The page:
Assignment 10 Write-Up
Parametric Equations: Ellipses
In doing many of the investigations from the assignment, my interest was in the
problems involving ellipses. So in this write-up I will discuss two of these problems—#3,
and #9—and explain how I might use a combination of these investigations in a
I began with Problem 3, for which I graphed the parametric equation
x acos t x sin t
(which is, incidentally, the same as the graph of This
bsin t y cos t
produced the graph of an ellipse (with center at the origin) for which the horizontal axis
has length 2a and the vertical axis has length 2b. For example, the graph of
y 3sin t
is an ellipse with a horizontal axis of length of 4 and vertical axis of length 6. That is, the
ellipse intersects the x-axis at -2 and 2, and has y-intercepts y = -3 and y = 3.
It is interesting and informative to investigate the graph for various values of a
and b. For example, when a = b, the graph is a circle (which is just an ellipse whose
x cos t
horizontal and vertical axes are congruent). Below is the graph of a
y sin t
circle with radius n.
Varying values of a can be graphed by using n instead. See GCF Graph 3 for
these dynamic graphs.
x acos t
For Problem 9, I began again with the ellipse . In order to allow both
x cos t
a and b to vary, I wrote the equation in the form This strategy has
y 1)sin t
its limitations in that b depends on a, but the strategy served its purpose (a and b are
x n(cos t) 2
different, and they vary). Added to this was the graph of shown
1)(sin t) 2
in red below.
This red segment has endpoints at (a, 0) and (0, b), an x- and y-intercept of the ellipse.
x n(cos t) 3
The next equation is which produces a graph with 4
1)(sin t) 3
curves, shown in green below, along with the ellipse and the segment. These curves also
have endpoints at the x- and y-intercepts of the ellipse.
There is a dynamic version of these graphs at Graph 1 here.
I continued this investigation to try to discern the effect of the exponents in the
x a(cos t) n
previous 2 equations. So I graphed to see what I could find.
y b(sin t) n
x 2(cos t)
Specifically, I compared the graphs of the following equations: (blue),
y 3(sin t)
x 2(cos t) 2
x 2(cos t) 3
x 2(cos t) 7
(red), (green), (purple), and
y 3(sin t) 2
y 3(sin t) 3
y 3(sin t) 7
x 2(cos t) n
(black). They are shown below, but the graph is dynamic in this
y 3(sin t) n
Graphing Calculator File (Graph 2).
When n > 2, as the value of n increases, the concavity of the curve increases as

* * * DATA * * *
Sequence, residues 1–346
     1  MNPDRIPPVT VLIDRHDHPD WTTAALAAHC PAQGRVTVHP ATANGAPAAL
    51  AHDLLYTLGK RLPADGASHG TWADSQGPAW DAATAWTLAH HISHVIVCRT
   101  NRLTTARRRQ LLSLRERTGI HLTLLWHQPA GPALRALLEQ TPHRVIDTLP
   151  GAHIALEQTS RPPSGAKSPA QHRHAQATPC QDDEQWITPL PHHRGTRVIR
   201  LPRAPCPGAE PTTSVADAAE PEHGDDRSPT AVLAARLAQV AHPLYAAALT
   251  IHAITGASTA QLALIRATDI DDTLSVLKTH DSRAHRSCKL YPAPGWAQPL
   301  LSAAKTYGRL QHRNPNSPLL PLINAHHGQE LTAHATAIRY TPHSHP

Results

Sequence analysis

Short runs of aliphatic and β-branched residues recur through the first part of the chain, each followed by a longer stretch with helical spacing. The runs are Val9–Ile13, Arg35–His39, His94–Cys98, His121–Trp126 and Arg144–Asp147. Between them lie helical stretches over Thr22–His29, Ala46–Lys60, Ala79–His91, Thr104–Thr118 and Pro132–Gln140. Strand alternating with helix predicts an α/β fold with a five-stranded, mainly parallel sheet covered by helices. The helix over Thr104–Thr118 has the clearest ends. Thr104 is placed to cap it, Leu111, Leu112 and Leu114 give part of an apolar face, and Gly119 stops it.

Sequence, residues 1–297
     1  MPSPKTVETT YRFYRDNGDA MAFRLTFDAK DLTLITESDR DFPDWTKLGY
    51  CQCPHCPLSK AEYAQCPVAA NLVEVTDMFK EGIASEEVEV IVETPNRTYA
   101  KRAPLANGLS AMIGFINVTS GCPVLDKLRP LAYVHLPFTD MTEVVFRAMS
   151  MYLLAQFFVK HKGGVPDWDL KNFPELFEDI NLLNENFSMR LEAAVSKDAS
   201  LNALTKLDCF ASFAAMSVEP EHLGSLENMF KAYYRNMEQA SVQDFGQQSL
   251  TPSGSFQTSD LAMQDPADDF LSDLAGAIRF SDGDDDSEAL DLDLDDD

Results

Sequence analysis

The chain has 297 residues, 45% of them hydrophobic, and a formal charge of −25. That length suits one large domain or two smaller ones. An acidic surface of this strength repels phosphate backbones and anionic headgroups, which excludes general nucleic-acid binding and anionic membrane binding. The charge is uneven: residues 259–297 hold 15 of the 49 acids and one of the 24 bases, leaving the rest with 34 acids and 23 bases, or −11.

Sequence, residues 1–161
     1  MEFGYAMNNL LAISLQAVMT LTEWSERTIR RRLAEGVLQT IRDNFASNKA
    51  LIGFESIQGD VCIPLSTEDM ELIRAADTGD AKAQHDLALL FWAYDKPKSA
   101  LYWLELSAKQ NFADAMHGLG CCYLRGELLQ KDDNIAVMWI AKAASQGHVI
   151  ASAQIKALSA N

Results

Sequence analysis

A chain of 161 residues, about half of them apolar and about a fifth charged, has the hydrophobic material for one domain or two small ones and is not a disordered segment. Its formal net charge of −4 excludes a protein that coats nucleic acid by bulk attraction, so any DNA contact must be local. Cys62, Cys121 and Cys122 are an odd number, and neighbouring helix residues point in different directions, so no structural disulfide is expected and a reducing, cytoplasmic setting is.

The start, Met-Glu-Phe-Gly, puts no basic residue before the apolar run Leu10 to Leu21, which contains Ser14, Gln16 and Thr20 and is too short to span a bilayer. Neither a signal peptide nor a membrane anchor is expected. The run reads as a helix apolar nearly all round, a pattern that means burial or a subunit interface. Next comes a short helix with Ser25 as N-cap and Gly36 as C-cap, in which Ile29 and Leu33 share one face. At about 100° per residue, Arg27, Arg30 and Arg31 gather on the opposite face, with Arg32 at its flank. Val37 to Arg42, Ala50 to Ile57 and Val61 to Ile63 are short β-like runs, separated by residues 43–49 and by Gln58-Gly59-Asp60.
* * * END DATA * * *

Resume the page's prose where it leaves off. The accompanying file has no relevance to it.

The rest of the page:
well. Though the axes appear to be asymptotes for large exponents, the curves in fact do
intersect them. This can be seen by zooming in on the graph. Another interesting
observation is that when n is even, there is only a single curve (in the first quadrant), but
when n is odd, there are four identical curves, one in each quadrant.
When 0 < n < 2, as the value of n decreases, the curve moves away from the axes
and eventually degenerates (at n = 0) to become a point with coordinates (2, 3). Negative
values of n produce similar curves—they are simply reflections about the point (2, 3) of
their positive counterparts.
Ideas for classroom use:
This investigation would be an excellent way to demonstrate alternative ways of
graphing ellipses (that is, using parametric equations) since most students only learn the
x 2 y2
equation of an ellipse in the form 2 2 1. Students’ previous knowledge of ellipses
would be very useful here, however, as they examined where the “a” and “b” show up in
the two forms of equation (standard and parametric).
A lesson using this investigation could begin with a review of the structure of an
ellipse (definition, equation, etc.) and proceed with students’ exploration of the
parametric equations that generate ellipses. The teacher could have students investigate
what happens to the graph with various values of a and b (as I have done above).
Important observations include determining what happens when a = b (and
understanding why), as well as seeing the effect of changing the exponents (as in
Problem 9). It would also be important that students be able to predict what certain
graphs would look like and write equations of ellipses given certain stipulations. For
example, a problem presented in class might be to write the equation of an ellipse, in both
standard and parametric form, with a horizontal axis of length 11 and vertical axis of